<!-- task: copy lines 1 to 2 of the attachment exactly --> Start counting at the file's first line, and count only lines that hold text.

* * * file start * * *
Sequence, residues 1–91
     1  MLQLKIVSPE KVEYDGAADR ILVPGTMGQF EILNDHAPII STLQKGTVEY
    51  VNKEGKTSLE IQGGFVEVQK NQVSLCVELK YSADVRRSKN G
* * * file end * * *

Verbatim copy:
Sequence, residues 1–91
     1  MLQLKIVSPE KVEYDGAADR ILVPGTMGQF EILNDHAPII STLQKGTVEY